When Wayne and I went to Japan earlier this year, one of the highlights of our trip was a quiet little dinner at Asahi. It is an artisan soba spot so tiny you feel as if you could touch all four walls from the center of the place. It is Tokyo's only ital noodle shop (Rastafarian veg cuisine), but the noodles weren't the only highlight. I knew we were in for a great meal when chef Koichi Nakajima started our night with two deeply charred fava beans served on a piece of paper. We split the pods open with our fingers, slipped each fava bean from its skin and popped them in our mouths one after another. It doesn't get much better - simple, smoky, perfectly cooked, and fun to eat. If you haven't tried grilling fresh favas, you must! You can make them on the grill or in a grill pan, then toss them out onto a newspaper where people can dive in and make a bit of a mess with the pods and skins.
Here's the secret. Any seasoning you put on the pods will stick to your fingers. In a good way. Toss the pods with a few glugs of olive oil and some sea salt before placing them on the grill, you can certainly play around with ideas beyond that. I sometimes add crushed red pepper flakes to the olive oil, or finish the favas with lemon zest or freshly chopped dill (or chives) after they come off the grill. The key is getting the grill (or pan) the right temperature - too hot and the pods char before the beans have time to steam in their pods.
Grilled Fava Beans
1 pound of fresh fava beans, still in their pods
a couple glugs of olive oil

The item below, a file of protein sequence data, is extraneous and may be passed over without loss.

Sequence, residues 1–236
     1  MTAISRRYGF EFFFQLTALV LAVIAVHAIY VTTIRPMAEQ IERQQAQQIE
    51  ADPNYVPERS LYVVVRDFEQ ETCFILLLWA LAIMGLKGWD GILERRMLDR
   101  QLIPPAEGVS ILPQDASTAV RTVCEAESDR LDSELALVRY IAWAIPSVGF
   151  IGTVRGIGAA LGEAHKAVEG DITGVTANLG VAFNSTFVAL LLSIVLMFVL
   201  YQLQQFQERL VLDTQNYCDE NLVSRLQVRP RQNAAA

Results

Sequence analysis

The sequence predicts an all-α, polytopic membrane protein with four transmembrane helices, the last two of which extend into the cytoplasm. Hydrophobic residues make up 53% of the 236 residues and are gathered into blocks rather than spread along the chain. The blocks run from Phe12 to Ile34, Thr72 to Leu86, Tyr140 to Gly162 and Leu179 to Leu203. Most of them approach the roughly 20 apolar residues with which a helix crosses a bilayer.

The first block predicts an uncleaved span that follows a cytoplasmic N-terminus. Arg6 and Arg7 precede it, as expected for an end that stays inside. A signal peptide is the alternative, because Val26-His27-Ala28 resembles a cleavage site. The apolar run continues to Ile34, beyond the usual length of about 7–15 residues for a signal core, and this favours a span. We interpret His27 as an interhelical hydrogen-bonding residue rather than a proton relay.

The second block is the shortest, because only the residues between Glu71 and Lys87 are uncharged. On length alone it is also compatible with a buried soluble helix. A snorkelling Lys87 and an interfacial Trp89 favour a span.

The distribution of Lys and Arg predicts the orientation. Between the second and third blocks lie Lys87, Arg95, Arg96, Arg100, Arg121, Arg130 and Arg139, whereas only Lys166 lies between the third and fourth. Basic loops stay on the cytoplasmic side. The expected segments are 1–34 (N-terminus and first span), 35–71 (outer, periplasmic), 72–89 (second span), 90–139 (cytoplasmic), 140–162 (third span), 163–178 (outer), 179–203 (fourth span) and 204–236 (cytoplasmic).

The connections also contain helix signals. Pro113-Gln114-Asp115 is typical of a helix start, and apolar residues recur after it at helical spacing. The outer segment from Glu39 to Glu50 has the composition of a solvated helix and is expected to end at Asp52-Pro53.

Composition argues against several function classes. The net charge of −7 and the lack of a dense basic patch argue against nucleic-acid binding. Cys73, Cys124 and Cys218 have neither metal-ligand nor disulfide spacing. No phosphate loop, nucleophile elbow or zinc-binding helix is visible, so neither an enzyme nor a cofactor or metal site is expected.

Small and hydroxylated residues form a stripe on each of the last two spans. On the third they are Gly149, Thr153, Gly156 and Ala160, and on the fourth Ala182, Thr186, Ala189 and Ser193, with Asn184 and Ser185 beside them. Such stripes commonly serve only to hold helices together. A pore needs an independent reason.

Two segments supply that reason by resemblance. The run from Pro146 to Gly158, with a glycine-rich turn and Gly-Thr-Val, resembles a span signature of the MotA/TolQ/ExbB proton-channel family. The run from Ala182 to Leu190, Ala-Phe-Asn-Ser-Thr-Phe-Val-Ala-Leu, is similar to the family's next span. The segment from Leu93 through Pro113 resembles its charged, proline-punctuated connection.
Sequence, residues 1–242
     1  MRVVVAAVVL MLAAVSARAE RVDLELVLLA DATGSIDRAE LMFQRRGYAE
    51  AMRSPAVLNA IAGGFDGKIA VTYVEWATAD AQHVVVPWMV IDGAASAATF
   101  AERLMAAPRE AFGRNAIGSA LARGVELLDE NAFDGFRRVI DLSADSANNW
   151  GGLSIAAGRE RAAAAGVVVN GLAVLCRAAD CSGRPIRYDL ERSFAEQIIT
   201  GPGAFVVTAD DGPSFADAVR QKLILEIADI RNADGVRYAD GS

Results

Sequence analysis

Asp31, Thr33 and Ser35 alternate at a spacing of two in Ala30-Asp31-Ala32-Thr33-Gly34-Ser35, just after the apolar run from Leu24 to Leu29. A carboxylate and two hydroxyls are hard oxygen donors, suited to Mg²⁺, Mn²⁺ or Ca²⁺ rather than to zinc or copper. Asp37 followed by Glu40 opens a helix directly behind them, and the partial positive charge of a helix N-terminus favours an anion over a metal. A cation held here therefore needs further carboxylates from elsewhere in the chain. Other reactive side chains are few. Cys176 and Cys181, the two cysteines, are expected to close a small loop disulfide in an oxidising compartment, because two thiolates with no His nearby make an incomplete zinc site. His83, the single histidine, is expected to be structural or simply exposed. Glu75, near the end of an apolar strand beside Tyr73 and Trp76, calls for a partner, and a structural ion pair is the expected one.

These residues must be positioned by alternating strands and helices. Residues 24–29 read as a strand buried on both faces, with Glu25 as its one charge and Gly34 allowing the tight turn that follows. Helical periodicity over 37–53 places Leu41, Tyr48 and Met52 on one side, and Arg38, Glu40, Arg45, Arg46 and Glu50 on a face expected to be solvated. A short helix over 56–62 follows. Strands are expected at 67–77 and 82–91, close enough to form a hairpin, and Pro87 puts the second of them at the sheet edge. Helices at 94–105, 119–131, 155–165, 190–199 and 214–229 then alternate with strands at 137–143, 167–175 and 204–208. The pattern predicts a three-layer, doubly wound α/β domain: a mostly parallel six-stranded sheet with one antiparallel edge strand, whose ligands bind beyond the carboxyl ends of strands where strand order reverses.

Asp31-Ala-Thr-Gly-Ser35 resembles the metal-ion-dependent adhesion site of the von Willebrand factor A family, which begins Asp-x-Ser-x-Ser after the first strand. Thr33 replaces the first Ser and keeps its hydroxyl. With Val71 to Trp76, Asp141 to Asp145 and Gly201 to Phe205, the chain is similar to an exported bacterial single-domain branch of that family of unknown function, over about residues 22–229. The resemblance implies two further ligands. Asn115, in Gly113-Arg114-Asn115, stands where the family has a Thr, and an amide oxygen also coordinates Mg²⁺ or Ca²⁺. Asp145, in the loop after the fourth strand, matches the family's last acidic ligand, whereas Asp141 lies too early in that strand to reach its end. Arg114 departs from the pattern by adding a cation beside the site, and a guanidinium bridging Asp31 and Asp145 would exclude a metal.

a few pinches of salt
optional: crushed red pepper flakes, lemon zest, and or chopped fresh herbs.
In a large bowl toss the fava bean pods with olive oil and salt. Arrange them in a single layer on a grill over medium-high heat. If you're using a grill pan, you may need to cook them in batches. If I'm using an outdoor grill I don't bother covering the favas, but when I use a grill pan, I typically cover the pan with a flat baking sheet to keep more of the heat in the pan and circulating. Grill until blistered on one side - 4 to 5 minutes, then flip and grill for a few minutes more on the other side. If you aren't sure when to pull them off, take a pod off the grill, open and taste one of the beans. You want the fava beans to be smooth and creamy when you pop them out of their skins - not undercooked. But keep in mind that they'll keep steaming in their pods for a few minutes after they come off the grill, unless you eat them as soon as you can handle the pods without singing your fingers - which is what I encourage you to do :) Season the grilled favas with a bit more salt (if needed) and any herbs or lemon zest if you like. To eat: tear open the puffy green pods, take a fava bean, pinch the skin and slide the bright green fava from its slipper. Eat them one at a time and be sure to lick your fingers.
Serves 2 - 4